Attempts by the president of Maldives to crush the country’s democratic institutions is a tragedy for the tiny island state, but its implications go far beyond its shores.
We have seen Maldives President Abdulla Yameen, backed by his security forces, take complete power over the country. He has closed parliament, defied rulings from his country’s highest court and imprisoned his chief justice and any leaders that have dared to oppose him. In his “self-coup”, he has overridden the constitution and tried to destroy the rule of law. For years, Yameen has repeatedly tried to strike down lawful opposition against his rule. Whether he succeeds this time remains to be seen.
But these local political developments also have a broader impact. There is growing strategic rivalry among major powers across the Indian Ocean, and the Maldives is located squarely in the middle of it.
Could foreign powers have been behind the coup? How might it affect the regional balance of power? What are the options of other countries to respond?
There is no indication as yet that any of the big powers with interests in the region – India, the United States and China – played an active role in these events. But the outcome of the coup could have a major impact on them, and they are watching events closely.
India, the largest power in the region, essentially serves as the region’s peacekeeper. In the past, India has intervened in its neighbours’ affairs when its security or regional stability was under threat. In 1988, when the Maldives capital came under attack from a band of mercenaries, Indian paratroopers came to the rescue of the government and quickly restored order.
Maldives opposition leaders, such as former president Mohamed Nasheed, are pushing for India to again intervene to restore democracy. However, Delhi’s biggest worry about the Maldives is not the current threat to democracy, but its tilt towards China, especially the possibility that Beijing may establish a naval and airbase there. There has even been talk of China building artificial islands near the Maldives, just as it has in the South China Sea. A Chinese base in the Maldives might upset the naval balance of the whole Indian Ocean, potentially threatening mainland India, as well as the nearby US base at Diego Garcia.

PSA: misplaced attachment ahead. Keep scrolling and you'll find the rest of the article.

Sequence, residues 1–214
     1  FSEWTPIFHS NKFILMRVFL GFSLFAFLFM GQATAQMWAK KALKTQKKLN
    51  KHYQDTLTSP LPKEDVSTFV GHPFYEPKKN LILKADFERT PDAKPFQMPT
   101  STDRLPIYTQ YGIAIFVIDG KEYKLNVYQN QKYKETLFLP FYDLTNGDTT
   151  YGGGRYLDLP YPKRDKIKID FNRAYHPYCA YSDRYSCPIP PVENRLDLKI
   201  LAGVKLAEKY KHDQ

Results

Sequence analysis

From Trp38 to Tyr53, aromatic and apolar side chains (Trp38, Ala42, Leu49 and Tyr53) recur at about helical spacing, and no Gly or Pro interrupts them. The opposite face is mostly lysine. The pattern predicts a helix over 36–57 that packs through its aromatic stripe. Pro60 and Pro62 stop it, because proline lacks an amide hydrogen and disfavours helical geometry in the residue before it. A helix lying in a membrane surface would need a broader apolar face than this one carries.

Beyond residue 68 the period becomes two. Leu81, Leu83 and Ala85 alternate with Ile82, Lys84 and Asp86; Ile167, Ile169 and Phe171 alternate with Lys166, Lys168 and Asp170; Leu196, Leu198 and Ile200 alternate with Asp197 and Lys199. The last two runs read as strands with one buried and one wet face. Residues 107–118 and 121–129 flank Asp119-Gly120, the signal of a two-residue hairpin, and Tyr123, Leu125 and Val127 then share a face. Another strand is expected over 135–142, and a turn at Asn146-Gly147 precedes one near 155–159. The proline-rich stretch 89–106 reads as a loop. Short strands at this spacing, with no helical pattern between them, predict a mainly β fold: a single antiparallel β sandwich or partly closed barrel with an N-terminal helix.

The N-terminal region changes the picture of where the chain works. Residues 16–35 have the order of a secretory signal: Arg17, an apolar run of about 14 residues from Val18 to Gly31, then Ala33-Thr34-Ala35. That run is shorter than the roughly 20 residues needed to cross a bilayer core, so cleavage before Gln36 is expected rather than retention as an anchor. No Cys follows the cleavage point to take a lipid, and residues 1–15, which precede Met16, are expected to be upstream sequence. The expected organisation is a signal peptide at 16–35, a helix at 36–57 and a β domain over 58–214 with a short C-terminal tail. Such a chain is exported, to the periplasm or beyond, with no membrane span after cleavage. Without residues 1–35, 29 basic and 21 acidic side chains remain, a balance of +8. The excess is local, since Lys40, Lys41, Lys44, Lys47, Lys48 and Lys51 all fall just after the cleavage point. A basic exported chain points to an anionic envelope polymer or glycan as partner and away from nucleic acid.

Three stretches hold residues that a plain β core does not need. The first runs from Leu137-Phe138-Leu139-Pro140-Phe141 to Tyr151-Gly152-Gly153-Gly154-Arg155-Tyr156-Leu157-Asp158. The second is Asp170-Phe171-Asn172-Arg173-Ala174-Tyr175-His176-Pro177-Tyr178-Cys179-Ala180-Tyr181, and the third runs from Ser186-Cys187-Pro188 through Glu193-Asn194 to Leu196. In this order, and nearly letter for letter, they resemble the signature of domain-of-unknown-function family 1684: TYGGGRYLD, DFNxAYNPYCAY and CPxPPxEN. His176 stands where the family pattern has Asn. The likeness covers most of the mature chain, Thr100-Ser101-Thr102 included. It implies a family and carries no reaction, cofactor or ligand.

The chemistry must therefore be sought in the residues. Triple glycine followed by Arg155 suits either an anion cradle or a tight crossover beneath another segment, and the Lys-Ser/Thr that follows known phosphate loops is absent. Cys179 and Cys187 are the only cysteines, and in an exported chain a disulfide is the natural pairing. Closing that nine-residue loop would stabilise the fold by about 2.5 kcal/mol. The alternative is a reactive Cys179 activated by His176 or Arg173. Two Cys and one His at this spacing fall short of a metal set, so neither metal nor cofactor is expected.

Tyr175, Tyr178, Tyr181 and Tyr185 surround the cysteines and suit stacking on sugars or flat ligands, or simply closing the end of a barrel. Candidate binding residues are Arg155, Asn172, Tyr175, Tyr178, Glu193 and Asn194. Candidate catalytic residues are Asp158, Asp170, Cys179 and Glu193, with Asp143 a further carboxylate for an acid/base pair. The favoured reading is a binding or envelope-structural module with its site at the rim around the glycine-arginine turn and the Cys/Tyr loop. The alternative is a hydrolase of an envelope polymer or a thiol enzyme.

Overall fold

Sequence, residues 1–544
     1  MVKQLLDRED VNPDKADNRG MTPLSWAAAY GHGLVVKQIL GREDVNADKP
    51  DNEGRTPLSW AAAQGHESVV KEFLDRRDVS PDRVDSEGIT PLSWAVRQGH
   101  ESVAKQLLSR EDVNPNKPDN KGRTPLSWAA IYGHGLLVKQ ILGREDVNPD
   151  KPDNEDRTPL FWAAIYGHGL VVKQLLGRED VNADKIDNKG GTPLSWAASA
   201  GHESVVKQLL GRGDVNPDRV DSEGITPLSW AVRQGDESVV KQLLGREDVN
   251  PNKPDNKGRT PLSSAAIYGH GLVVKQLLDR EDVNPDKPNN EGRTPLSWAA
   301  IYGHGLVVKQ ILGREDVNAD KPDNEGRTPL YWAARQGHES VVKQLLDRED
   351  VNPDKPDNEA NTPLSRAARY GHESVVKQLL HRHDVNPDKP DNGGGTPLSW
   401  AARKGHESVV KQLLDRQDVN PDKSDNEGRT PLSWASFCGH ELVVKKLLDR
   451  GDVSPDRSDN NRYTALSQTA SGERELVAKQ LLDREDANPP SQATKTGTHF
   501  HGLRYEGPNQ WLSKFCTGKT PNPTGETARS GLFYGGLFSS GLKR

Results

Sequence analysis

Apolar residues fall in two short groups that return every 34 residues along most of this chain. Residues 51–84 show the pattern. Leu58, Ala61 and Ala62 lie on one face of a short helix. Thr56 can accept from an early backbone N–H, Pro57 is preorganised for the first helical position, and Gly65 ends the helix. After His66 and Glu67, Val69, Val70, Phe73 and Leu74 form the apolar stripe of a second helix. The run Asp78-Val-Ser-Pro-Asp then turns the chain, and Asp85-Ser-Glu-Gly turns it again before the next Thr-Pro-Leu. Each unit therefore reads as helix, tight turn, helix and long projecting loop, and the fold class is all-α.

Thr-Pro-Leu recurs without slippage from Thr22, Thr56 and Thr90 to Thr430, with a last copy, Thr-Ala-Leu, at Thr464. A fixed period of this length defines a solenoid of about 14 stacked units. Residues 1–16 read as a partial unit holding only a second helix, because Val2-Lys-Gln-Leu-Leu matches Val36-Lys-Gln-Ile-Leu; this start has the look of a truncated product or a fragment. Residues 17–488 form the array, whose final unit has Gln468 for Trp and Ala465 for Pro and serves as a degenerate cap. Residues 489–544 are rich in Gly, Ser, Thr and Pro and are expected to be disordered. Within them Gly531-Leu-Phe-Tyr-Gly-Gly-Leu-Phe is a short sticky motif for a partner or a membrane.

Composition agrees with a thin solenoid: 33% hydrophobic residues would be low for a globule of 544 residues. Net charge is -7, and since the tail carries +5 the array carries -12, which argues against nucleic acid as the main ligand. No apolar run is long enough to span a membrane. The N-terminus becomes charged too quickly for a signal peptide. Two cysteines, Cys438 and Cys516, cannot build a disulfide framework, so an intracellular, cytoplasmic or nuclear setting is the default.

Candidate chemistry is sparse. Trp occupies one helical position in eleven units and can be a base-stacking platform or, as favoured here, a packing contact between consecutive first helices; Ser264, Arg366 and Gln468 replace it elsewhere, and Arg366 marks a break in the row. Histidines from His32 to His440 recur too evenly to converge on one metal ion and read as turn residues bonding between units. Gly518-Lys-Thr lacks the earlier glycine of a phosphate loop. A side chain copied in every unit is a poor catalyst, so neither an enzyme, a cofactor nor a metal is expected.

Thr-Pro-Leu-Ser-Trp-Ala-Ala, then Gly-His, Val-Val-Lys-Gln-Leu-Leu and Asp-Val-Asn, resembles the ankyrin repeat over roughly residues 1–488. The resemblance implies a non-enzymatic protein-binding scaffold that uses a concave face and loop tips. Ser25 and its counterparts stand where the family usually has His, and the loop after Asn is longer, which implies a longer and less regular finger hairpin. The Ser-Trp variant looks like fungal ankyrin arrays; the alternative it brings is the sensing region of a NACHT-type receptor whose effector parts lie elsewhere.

There can be no doubt that Delhi would like to get rid of Yameen, but its options are actually pretty limited. Any overt military move by India to unseat Yameen would be unprecedented. India generally adheres to the trappings of international law and it traditionally opposes regime change.
Delhi also can’t afford to impose sanctions or take other actions while allowing Yameen to remain in power, and risk further alienation. Delhi’s pro-democracy sanctions against Myanmar after the 1988 military coup were seen as a major mistake, pushing the regime into the arms of China for decades. And India’s blockade of Nepal in 2015 over a constitutional dispute similarly pushed that country closer to China.
In short, it will be difficult for Delhi to unseat Yameen or to decisively turn him away from China. As long as Yameen does not overstep the mark by overplaying his relationship with China, he has considerable leverage with Delhi. However, the entry of Chinese security forces into the equation would likely change this calculus.
The events in the Maldives should also have Beijing worried. Yameen has been a close friend to China, awarding several big projects to Chinese companies including the controversial Male airport project. But the turmoil, which could ultimately end in Yameen’s overthrow, also points to the fragility of many of China’s relationships in the region.
Myanmar’s move towards democracy in 2015 led it to cancel several high-profile Chinese projects and take a more balanced approach to its relationships with Western countries and India. In that same year, Mahinda Rajapaksa, Sri Lanka’s authoritarian leader was thrown out of office in surprise election. Rajapaksa was closely identified with many highly controversial Chinese projects including Hambantota Port and the Colombo Port City, and his departure put these projects in doubt.
Yameen’s close relations with Beijing means that many Chinese projects in the Maldives could be reconsidered in the event of his overthrow. The lesson for Beijing is that dealing with autocrats may be more efficient than dealing with the democratic process, but it brings its own risks.
The political turmoil in the Maldives presents significant risks for both India and China, and both countries may have only limited ability to steer events. Although Yameen will no doubt try to play the two countries against each other, he needs to be careful not to overstep the mark. India will not countenance a Chinese security presence in the Maldives.
David Brewster is a senior analyst with the National Security College, Australian National University, and author of ‘India and China at Sea: Competition for Naval Dominance in the Indian Ocean’